This year, the pair ran the race as a couple, to celebrate being 70 and fit enough to endure a 100-mile run, and to become the oldest couple to complete a 100-mile ultra marathon in under 30 hours together.

Bill and Sally Squier celebrate after finishing the Umstead Ultra Marathon. At 70, they become the oldest married couple to complete a 100-mile ultra marathon in regulation time.

Bill and Sally Squier celebrate after finishing the Umstead Ultra Marathon. At 70, they become the oldest married couple to complete a 100-mile ultra marathon in regulation time.

Each ran his and her own race. Most of the time, Bill maintained a slight lead over his bride, but she was able to catch up with him at the aid stations where they managed to spend a few quality moments together along their journey.

Bill finished his 100-miles, alone, in 28 hours and 19 minutes.

So he started waiting.

Someone brought a small, white plastic chair and set it down in front of the finish line, where Bill would have a good view of the chute.

From that vantage point, next to the timing tent, you can see the runners heading in from nearly a quarter mile away.

After running 100 miles, Bill was tired, and trying hard not to fall asleep.

He was hungry, and someone brought him an omelet.

He was shivering, and someone brought him a blanket.

He sat still, refusing to move from that spot, and kept his eyes trained on the trail ahead.

Minutes ticked by. Then an hour.

Bill kept his vigil in the chair, never wavering; watching for Sally.

A crowd was gathered behind the finish line. Some runners, who had wrapped up their races hours ago lingered in chairs and waited. Volunteers and other spectators who had been there for their own loved ones gathered around.

The Squiers’ children and grandchildren were close by.

A couple of photographers hovered.

Suddenly Sally appeared out of the woods and crossed a parking lot. She was just a speck at first, but her image grew larger as she drew closer.

Bill stood up, and I swear the look in his eyes was the same as a groom’s watching his bride walk down the aisle.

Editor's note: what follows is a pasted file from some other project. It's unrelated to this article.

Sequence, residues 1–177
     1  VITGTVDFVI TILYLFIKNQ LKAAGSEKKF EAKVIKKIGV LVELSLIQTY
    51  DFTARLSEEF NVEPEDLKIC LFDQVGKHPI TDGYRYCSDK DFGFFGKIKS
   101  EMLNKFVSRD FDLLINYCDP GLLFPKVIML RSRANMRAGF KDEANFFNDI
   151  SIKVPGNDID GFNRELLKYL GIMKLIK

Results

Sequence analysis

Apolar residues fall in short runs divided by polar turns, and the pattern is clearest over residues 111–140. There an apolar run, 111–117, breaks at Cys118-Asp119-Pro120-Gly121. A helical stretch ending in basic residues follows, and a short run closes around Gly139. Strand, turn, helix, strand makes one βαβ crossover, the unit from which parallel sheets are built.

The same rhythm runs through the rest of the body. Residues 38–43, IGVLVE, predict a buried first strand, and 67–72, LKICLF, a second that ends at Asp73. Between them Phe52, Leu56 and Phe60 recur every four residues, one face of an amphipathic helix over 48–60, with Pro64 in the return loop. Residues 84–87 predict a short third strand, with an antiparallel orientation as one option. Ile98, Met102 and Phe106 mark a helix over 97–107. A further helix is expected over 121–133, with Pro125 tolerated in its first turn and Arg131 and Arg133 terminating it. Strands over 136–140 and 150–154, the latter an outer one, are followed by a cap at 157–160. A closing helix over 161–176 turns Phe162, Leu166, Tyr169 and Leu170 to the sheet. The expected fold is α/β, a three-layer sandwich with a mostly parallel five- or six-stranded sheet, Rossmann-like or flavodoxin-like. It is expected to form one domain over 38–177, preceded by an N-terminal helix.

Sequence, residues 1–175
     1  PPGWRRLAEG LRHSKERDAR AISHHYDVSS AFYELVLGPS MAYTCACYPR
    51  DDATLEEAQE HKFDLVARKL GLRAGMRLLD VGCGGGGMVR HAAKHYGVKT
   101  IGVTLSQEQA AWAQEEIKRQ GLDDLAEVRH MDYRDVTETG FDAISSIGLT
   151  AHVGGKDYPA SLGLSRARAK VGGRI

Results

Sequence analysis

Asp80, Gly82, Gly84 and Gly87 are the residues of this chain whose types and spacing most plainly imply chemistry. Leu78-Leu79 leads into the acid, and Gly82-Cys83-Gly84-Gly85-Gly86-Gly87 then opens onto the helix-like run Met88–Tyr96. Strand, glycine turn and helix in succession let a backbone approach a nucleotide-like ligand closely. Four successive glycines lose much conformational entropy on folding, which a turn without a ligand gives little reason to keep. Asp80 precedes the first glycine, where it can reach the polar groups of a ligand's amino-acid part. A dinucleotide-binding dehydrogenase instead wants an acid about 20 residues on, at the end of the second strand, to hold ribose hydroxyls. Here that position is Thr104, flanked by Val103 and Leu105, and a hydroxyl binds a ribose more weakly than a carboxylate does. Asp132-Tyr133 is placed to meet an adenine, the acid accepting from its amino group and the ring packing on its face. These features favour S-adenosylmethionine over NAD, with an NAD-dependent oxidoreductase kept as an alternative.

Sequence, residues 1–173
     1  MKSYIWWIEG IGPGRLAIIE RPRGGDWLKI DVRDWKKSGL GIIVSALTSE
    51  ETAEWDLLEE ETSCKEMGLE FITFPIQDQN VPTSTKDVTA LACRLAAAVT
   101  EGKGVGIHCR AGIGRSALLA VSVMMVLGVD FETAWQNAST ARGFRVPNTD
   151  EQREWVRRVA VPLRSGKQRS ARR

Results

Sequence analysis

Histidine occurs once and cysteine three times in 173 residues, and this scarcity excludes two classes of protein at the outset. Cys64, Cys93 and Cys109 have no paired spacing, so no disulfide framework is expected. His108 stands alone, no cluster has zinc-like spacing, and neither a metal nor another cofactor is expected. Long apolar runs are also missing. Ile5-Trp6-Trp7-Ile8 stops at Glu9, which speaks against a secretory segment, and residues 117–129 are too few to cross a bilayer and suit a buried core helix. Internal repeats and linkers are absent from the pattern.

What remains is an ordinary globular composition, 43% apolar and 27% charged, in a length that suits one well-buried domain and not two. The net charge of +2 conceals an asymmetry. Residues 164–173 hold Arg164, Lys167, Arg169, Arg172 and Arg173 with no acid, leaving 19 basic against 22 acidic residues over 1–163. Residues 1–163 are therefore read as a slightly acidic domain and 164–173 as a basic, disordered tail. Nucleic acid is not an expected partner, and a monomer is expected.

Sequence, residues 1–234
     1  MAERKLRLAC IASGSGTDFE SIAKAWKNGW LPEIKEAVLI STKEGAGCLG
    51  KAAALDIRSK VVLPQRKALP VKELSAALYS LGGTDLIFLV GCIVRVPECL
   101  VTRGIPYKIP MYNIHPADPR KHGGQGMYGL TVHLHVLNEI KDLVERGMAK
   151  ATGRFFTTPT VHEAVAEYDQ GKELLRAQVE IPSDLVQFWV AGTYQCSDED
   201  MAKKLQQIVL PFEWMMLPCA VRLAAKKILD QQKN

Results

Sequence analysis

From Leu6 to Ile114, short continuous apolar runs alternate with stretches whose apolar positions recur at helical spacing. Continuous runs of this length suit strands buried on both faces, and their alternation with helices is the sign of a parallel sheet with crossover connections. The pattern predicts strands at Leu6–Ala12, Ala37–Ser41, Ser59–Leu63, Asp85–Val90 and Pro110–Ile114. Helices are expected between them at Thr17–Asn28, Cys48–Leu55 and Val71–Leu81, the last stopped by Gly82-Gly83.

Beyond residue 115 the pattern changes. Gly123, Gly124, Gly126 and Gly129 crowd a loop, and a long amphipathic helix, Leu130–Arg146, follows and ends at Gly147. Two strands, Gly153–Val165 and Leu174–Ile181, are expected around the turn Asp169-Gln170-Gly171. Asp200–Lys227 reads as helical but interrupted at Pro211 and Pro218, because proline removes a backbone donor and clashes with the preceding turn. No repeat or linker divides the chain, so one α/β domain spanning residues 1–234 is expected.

Blake Norwood stepped out of the race’s timing tent and took his place by Bill’s side, like a best man.

Sally had an entourage of female pacers – her bridesmaids.

After 29 hours and 52 minutes of running, walking and doing everything in her power to complete her 100-mile journey within the qualifying time of 30 hours, Sally walked across the finish, and straight into the arms of her husband.

I would not have been surprised if a minister had stepped out of the timing tent with Blake to perform a renewal of wedding vows.

There was not a dry eye at the finish line.

I couldn’t help but think about the vows you make when you say “I do,” and how those vows would play out at an ultra-marathon wedding.

You would take your husband or wife “for richer or poorer, in sickness and in health, ‘and in ultra marathons’, to love and to cherish until death do you part.”

One of the great mysteries of life is the mystery of love.

At the Umstead Endurance Run on April 6 and 7, a little piece of that mystery was solved.

If you are willing to love someone through a grueling 100-mile run, you can probably love them through anything.

And that’s the truth.

Check out more photos from the 2013 Umstead 100-Mile Endurance Run here:

https://plus.google.com/photos/104562092652545953382/albums/5865031377718382833

Teri Saylor lives, runs and writes in Raleigh, N.C. Contact her at terisaylor@hotmail.com

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Life in the South is best when driven by

Mobile Homes edited

Mobile Homes

Photo Gallery: Life in the South

Life in the south is best when driven by: